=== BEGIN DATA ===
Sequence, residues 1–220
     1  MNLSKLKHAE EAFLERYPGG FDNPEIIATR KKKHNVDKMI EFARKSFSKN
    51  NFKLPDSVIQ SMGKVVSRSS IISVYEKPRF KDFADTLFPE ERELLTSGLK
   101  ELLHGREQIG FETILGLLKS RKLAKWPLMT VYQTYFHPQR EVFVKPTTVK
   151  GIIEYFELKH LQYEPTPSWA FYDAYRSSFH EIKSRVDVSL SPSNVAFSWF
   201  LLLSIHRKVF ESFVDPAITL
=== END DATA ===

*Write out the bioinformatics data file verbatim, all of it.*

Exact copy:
Sequence, residues 1–220
     1  MNLSKLKHAE EAFLERYPGG FDNPEIIATR KKKHNVDKMI EFARKSFSKN
    51  NFKLPDSVIQ SMGKVVSRSS IISVYEKPRF KDFADTLFPE ERELLTSGLK
   101  ELLHGREQIG FETILGLLKS RKLAKWPLMT VYQTYFHPQR EVFVKPTTVK
   151  GIIEYFELKH LQYEPTPSWA FYDAYRSSFH EIKSRVDVSL SPSNVAFSWF
   201  LLLSIHRKVF ESFVDPAITL